I used to hate fishing in the wind. Really hate it with a passion. Hate it so much that more than once I stepped out of the back door, realised how windy it was, then turned round and went back inside, put all my tackle away and cancelled the trip.
It was partly to do with childhood memories of Latchmoor Pond in Gerrards Cross. Those days when it was calm as a millpond and the float just sat so beautifully by the reeds or next to the lilies, when you could sneak round the back and fish the 'log' swim - where the was a huge log floating in the water. But it was also partly due to days spent on the larger expanse of Black Park lake, where it seemed that the wind always blew and floats were harder to control, especially with a seven foot rod.
These days I'm less of a sensitive flower (and I also understand that a windy day is also often a good day) and so what does it matter if the float doesn't look quite so photogenic and if you have to work a little harder to control it properly?
The walk over the cabbage field was squawly so it was hard to tell exactly which way the wind was blowing. I'd hoped to get some shelter from the wood but as it turned out, the wind ignored that and seemed to careen round it and straight upstream, thus making it - officially - my least favourite kind of wind. My first choice swim was unfishable so I switched to the cattle drink, baiting up with liquidised bread and a couple of handfuls of red maggots. I fished the pin again with 4lb line straight through to a size 16 hook and started getting bites immediately. Just little dabs at first but they soon grew in confidence and I began to catch small roach. The theory was that the bread would attract small fish which would in turn attract perch and chub and sure enough, third cast through I caught this little beauty of about 10oz.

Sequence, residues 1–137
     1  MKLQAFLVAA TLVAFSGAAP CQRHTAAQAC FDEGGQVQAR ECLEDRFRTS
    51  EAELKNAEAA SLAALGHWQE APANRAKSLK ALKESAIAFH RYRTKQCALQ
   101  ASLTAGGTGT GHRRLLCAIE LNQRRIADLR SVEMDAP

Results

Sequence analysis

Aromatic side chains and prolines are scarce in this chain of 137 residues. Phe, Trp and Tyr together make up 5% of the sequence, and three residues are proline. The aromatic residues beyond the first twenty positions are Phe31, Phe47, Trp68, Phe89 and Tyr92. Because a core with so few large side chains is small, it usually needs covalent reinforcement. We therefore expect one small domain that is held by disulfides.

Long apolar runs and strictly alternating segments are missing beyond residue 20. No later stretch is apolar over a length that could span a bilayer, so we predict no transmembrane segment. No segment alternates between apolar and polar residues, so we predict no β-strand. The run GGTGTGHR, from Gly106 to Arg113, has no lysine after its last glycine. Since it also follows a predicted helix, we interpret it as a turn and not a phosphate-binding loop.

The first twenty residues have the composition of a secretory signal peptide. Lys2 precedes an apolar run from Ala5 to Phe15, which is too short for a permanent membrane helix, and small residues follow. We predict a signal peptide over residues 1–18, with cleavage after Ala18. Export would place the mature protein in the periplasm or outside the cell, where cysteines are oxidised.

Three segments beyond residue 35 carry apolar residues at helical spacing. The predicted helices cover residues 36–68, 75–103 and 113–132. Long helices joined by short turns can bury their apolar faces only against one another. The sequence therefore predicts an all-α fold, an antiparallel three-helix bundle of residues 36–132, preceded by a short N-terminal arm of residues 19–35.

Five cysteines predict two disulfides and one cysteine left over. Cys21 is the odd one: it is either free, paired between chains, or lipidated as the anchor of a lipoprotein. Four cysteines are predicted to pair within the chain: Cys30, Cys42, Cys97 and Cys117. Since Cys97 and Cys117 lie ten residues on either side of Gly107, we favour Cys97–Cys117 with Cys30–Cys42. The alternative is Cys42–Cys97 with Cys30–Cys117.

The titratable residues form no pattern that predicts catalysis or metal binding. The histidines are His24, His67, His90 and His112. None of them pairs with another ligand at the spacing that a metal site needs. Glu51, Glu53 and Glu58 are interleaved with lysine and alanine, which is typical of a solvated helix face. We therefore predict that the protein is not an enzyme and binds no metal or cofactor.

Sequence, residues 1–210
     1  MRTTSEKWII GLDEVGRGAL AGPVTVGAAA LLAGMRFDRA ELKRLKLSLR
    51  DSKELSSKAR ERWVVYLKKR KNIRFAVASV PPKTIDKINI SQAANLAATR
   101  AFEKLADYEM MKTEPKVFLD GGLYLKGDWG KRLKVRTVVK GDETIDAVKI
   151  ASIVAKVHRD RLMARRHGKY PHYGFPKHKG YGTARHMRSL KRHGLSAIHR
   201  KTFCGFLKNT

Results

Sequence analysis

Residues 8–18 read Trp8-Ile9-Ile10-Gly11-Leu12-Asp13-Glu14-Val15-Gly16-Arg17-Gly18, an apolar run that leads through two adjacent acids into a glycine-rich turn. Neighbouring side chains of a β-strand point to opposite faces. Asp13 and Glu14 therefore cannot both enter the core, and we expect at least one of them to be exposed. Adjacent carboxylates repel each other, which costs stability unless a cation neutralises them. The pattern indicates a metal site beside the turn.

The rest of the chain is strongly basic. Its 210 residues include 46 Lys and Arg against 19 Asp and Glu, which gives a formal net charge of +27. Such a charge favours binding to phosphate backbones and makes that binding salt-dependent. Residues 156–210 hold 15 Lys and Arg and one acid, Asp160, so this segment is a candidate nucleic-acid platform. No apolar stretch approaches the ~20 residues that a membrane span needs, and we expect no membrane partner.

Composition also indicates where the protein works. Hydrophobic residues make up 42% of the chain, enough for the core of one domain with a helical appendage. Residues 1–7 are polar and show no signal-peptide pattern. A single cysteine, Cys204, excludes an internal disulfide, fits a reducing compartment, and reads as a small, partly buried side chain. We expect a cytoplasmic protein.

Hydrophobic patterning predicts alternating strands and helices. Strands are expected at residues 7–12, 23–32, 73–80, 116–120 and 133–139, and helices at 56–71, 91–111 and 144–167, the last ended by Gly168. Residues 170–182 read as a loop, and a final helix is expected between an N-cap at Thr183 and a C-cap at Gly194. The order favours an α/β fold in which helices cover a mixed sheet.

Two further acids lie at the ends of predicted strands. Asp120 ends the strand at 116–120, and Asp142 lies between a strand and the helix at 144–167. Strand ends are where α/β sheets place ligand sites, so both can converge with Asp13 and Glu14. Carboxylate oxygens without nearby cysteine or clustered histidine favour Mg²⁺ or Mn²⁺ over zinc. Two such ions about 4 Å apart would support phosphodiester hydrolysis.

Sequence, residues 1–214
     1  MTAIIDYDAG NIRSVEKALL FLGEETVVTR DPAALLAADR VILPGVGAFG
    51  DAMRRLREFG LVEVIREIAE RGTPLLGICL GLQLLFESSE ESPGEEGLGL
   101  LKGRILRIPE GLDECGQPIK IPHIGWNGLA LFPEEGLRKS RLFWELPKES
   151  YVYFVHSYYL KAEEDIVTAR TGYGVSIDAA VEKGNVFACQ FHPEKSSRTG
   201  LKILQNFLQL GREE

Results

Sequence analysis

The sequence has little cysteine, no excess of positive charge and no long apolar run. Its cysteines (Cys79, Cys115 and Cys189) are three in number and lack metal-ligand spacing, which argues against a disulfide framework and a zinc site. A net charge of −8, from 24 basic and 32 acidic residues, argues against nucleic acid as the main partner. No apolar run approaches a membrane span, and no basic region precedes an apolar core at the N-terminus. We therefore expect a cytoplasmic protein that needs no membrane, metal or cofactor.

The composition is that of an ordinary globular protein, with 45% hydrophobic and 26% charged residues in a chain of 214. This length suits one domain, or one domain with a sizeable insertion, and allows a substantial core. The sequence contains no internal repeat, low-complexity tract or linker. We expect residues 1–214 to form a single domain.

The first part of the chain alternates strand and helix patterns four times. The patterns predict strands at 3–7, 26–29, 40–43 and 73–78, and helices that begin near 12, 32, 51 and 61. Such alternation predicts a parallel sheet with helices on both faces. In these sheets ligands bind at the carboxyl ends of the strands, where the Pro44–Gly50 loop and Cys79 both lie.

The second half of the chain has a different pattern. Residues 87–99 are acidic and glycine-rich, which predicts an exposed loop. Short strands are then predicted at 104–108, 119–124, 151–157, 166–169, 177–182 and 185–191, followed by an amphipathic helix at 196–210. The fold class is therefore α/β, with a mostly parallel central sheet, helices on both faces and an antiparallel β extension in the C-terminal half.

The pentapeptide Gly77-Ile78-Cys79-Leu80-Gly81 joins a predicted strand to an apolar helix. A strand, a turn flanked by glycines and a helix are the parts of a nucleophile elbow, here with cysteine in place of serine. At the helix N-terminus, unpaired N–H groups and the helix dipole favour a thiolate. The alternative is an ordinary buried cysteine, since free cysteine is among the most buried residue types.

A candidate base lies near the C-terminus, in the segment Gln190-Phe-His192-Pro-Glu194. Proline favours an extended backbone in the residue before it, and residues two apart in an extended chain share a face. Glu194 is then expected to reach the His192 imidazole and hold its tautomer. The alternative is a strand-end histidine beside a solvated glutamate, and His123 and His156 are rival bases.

I followed this up with half a dozen roach and at last light, another, smaller perch. I didn't see another soul and as it began to get too dark to see the float properly, I packed up. The wind never dropped (as it sometimes does at dusk) but I'm not sure it did my prospects any harm. This stretch of the river is fishing much better in Autumn than it did all Summer and I'm determined to keep up the visits. There's got to be a decent chub in here somewhere.
Rob Beattie is the author of several popular fishing books. He's also a regular contributor to Waterlog magazine.